Even if the switch S1 is held closed throughout the entire cycle, the circuit still turns off at the end of the cycle, and remains turned off until the switch S1 is opened and again closed. This provides a fool-proof system, in that the meter man merely plugs in his apparatus, as shown in FIGURE l, and depresses the switch S1. This causes the system to undergo a complete cycle, regardless of whether the switch S1 is immediately released or not. Then, a `subsequent cycle cannot be initiated, until the switch is again depressed.
The scanning matrix 202, as shown in FIGURE 5, includes a plurality of transistor circuits. Each of the circuits, for example, may include an NPN transistor 400. The transistor 400 appearing in the upper left hand corner of FIGURE 5 vhas its emitter connected to a common lead 402. The` collector of the transistor is connected to the A output terminal of the scanning matrix, which, as described, is connected through the buffer 203 to the switching circuit 160 of FIGURE 3.
The collector of the transistor 400 is connected through a l kilo-ohm resistor 406 to the positive terminal of the 6-volt source, and the resistor is shunted lby a .05 microfarad capacitor 404. A first of the input terminals #1 of the scanning matrix is connected to the base through a 4.7 kilo-ohm resistor 407.
The terminals F1 and F13 of the rotary switch 214 of FIGURE 3` are connected to the lead 402. It will be appreciated that when the rotary switch 214 has its armature, for example, on the terminal F1, the lead 402 is grounded. This means that the transistor circuit 408 of the transistor 400, as well as additional similar transistor circuits 410, 412 and 414 are all qualified.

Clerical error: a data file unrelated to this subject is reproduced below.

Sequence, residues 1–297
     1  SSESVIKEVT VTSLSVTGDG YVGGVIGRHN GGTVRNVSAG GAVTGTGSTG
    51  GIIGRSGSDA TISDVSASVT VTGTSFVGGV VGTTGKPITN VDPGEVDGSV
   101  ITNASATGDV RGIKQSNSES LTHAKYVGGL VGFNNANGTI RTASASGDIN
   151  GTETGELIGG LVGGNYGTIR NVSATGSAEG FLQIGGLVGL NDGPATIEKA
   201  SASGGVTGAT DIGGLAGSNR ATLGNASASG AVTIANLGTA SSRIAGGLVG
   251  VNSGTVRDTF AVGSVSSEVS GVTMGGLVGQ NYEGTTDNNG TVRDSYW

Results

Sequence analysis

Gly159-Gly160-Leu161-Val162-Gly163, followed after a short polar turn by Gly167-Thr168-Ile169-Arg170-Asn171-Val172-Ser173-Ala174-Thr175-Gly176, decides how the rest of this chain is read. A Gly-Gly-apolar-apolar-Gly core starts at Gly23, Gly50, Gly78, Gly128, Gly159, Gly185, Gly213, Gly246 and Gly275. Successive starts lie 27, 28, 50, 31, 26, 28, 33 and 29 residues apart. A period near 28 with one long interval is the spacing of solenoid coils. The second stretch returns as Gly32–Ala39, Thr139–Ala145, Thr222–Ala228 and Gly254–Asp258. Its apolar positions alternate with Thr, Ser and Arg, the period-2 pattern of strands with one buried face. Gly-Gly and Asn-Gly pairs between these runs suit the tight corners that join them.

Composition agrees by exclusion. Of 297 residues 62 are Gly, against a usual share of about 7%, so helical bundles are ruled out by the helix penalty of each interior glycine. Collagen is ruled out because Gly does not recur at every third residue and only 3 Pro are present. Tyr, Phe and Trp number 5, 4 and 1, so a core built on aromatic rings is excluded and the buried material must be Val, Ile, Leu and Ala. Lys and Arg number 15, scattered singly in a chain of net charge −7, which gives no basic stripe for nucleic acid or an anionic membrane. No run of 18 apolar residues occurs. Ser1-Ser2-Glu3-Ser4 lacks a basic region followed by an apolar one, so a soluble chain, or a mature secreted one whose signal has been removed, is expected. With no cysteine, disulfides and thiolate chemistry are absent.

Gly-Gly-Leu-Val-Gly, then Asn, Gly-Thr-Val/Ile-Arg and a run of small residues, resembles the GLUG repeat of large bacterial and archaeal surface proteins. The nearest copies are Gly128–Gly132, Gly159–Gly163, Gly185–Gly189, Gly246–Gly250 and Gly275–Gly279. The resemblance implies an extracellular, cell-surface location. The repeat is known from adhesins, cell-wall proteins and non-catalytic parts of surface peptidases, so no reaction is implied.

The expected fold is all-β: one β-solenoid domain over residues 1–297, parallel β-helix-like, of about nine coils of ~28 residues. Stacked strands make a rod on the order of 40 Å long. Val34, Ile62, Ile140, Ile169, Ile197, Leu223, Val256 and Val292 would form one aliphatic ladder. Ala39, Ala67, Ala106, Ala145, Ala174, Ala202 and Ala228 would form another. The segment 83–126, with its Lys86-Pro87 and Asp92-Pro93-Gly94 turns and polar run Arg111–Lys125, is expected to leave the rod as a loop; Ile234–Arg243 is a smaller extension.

The four activated transistor circuits are all connected to the separate'input terminals associated with the input #1 of the scanning matrix, and correspond, for example, to the settingof the units manual switches of the block 14 in FIGURE 3, or the setting of the units converter in the encoder block 204 of FIGURE 3. Whenever any of the individual settings of this first group indicates a binary 1, for example, ground potential is introduced to its corresponding terminal at input #1 of the matrix, so that a triggering signal appears at the corresponding output terminal A, B, C or D of the matrix to actuate the corresponding switching circuit in FIGURE 3 through the corresponding buffer circuit in the network 203.
Likewise, the scanning continues through the F2, F3 F12 terminals of the rotary switch 214 in FIG- URE 3, and repeats for the F13-F24 terminals. It will be noted that the F12 and F24 terminals must be separated in the matrix of FIGURE 5, because the F24 terminal is also connected to the control circuit 212 and serves to stop the cycle.
In the manner described above, the system of the invention is capable of timing and framing the digital information, `and of recording it in preselected frames on the magnetic tape 25 of FIGURE 2.
The use of the silicon controlled rectifier switching circuits in FIGURE 3 enables the system to be relatively simple. This is because the silicon controlled rectifier switching circuits normally assume a first state in which the silicon controlled rectifier included in the circuit is non-conductive.
The silicon controlled rectifier can be fired only when the appropriate signal is applied to its gate electrode. The resetting of the switching circuits is conveniently achieved merely by opening the connection in their return lead 178, by means of the switching transistor 200. This can be achieved by a .brief turning ofi of the transistor 200, and
no prolonged resetting signal is necessary, as is the case when flip-flops are used.